Sharing Life on the Farm

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Rosita Johnson and her husband Carl had never heard of Lifesharing until a caseworker suggested the program for Carla, their medically fragile daughter. Her health issues were so severe, one of her legs was in danger of amputation. Johnson explained, “My daughter was in a group home and needed some help. Her caseworker mentioned Lifesharing, told us how it worked and gave us a list of agencies. RHD was on the list, we met with the director, and the rest was history.”

RHD Lifesharing provides shared living and supported living services for individuals with intellectual developmental disabilities and autism in Northeastern PA. The Lifesharing provider is a community-based, family-oriented home that offers people the ability to participate and contribute to the household while promoting personal growth and independence.

The Johnsons were excellent candidates for becoming Lifesharing providers themselves and began their journey in September 2017. Johnson reflected, “Caring for Carla wasn’t that much of an adjustment because I had taken care of my mom for the last ten years of her life, and Carl’s mother as well.”

Prior to Lifesharing, another medical emergency found the Johnsons undergoing an unexpected transition. In 2012, Carl had a stroke and was completely paralyzed, leaving him unable to return to work as a contractor. Rosita found herself taking care of him, her mother, and working from home simultaneously. She said, “I thought to myself, ‘There has to be something we can do from home.’ I had always wondered what it would be like to live on a farm.”

A year later, the family found a farm to rent. They started with 13 chickens that had been gifted by the landlord, then ducks, pigs, cows, and goats. Johnson added, “And it spiraled from there.”

The Johnsons taught themselves to farm through Google and YouTube videos, and, despite the steep learning curve, were undeterred. Farm life was also good for their daughter, who lost 112 pounds and experienced health improvements because of the fresh air and long walks she took around the farm.

In the fall of 2019, the Johnsons welcomed another addition to their family through Lifesharing. Johnson explained, “Donna is 73, and she requires a lot more care than Carla. She’s a spunky lady and keeps us going.”

While Carla goes to a day program during the week, Donna stays home with Carl and Rosita. “On a typical day,” said Johnson, “Donna will take the eggs and put them in the cart. As long as she’s sitting down, she’s able to do small tasks like that.” She continued, “The animals have a therapeutic effect on her. She likes her moo-moo cow, the cats, and kittens.”

The Johnsons have been busy in other ways, too. Rosita received her bachelor’s degree in Christian Studies in May and is beginning a Master of Divinity program, which she hopes will translate into a job as a Navy Reserves Chaplain, “God willing.” Most days Carl works on the renovation of their new farm in Coplay, PA, where the family will be moving in August. Despite having no mobility in his left arm from the stroke, Carl and his electrician son have done all of the work themselves. “It’s hectic, needless to say! But we manage to make it work,” said Johnson.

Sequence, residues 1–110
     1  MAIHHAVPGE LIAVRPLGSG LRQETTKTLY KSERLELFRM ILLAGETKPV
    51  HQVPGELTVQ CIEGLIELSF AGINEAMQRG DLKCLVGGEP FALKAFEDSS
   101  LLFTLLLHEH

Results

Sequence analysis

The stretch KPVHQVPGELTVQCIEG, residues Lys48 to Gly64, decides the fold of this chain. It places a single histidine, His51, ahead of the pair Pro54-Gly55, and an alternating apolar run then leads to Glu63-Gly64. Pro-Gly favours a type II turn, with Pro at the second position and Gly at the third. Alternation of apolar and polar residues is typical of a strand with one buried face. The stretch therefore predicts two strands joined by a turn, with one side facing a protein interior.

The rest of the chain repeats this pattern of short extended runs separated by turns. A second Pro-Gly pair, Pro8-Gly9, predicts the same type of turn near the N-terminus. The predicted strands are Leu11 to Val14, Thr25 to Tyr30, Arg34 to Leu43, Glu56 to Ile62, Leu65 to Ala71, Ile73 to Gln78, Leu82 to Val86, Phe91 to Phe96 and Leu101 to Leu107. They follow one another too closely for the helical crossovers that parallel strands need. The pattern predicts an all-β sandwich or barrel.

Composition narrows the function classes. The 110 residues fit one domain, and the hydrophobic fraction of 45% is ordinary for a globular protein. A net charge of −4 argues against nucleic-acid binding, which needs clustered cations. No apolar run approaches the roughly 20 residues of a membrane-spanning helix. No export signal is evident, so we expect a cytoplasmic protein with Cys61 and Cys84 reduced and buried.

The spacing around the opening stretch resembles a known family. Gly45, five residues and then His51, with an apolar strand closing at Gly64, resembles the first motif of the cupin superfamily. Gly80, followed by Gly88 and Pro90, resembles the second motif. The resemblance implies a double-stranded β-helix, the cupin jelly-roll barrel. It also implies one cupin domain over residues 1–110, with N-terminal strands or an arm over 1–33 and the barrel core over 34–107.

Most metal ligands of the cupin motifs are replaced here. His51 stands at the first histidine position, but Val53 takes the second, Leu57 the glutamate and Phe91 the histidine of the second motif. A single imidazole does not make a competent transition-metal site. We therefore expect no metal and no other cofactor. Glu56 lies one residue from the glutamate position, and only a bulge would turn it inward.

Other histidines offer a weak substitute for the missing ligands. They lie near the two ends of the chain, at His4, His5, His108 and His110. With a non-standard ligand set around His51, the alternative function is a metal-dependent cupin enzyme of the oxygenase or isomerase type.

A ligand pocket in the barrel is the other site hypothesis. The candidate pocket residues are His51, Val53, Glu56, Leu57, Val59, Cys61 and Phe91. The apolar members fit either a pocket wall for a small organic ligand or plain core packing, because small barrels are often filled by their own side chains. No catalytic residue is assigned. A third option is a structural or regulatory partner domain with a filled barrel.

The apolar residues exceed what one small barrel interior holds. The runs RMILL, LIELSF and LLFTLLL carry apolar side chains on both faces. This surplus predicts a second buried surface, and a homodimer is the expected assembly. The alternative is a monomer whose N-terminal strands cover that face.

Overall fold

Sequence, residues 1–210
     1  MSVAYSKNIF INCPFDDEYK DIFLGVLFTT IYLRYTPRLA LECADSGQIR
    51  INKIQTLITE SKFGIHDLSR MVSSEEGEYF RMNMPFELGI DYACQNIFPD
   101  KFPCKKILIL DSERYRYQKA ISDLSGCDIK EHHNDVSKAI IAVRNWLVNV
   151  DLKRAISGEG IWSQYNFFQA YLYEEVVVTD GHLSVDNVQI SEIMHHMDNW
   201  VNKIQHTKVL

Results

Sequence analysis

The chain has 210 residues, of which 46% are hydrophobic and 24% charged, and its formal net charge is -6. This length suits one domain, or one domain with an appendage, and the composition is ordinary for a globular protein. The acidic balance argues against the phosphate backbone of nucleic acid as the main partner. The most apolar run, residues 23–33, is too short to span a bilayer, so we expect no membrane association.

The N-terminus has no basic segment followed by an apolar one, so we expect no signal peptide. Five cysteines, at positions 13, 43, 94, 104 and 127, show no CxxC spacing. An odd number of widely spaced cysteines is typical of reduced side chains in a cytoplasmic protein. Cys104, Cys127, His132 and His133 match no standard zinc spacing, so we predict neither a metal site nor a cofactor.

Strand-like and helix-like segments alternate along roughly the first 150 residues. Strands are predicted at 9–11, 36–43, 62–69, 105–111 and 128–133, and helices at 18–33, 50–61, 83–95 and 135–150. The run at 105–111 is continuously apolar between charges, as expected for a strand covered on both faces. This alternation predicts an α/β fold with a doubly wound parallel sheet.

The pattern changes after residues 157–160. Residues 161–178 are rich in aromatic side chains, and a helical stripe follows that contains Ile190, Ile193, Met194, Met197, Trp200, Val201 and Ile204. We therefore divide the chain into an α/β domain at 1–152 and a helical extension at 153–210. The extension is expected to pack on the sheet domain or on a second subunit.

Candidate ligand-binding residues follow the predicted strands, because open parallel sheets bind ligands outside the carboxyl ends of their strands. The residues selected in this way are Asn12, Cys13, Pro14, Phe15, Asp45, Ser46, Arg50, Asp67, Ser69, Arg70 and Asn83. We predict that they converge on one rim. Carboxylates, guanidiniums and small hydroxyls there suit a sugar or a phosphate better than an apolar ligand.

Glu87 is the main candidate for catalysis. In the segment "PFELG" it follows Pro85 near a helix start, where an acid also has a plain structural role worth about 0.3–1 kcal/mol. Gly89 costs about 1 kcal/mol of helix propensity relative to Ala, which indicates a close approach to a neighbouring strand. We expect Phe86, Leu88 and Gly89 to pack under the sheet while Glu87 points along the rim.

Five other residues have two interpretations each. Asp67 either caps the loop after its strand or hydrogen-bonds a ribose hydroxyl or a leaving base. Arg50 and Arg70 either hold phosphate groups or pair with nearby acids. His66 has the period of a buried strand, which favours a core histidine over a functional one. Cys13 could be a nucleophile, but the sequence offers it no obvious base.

Also helping them make it work has been RHD. “They’ve been a tremendous help – whatever we need, whether it’s services or support, or just someone to listen to and to vent because there have been challenges along the way. They offer their advice, their experience, and a listening ear to help us through things.”

RHD has years of experience in developing home and community-based supports for individuals who may have extensive and complex needs. RHD’s Lifesharing model is based on the concept that people with disabilities have the right to everyday life; a life that is no different from that of other citizens. With the success of RHD Lifesharing in the Lehigh Valley, RHD has implemented the Lifesharing model in other states, including Missouri, Nebraska, and South Dakota, for hundreds of individuals who formerly resided in state centers and hospitals.

Abigail Storm, RHD’s Lifesharing Specialist for the Northeast PA region has worked with the Johnsons since 2020. She described Rosita as a “superwoman” and Carl as “incredibly funny, hardworking, and motivated.” Storm considers them gifted caregivers, and added, “The Johnsons ensure that the medical needs of the ladies in their care are attended to and their voice is heard, while also encouraging them with goals that promote more independence and gratification in their lives.”

Once the move to Coplay takes place and the pandemic has waned, the Johnsons’ future includes inviting other individuals with disabilities and children out to the farm to learn about growing food and sustainability and opening a farm stand in the community.

Rosita relishes her busy life and wouldn’t have it any other way, “Trusting God gives me the strength and the energy to do this every day,” shared Johnson. “You have to have faith, be determined, and keep a positive outlook no matter how bad things get. It may be rough today, but tomorrow it will be better.”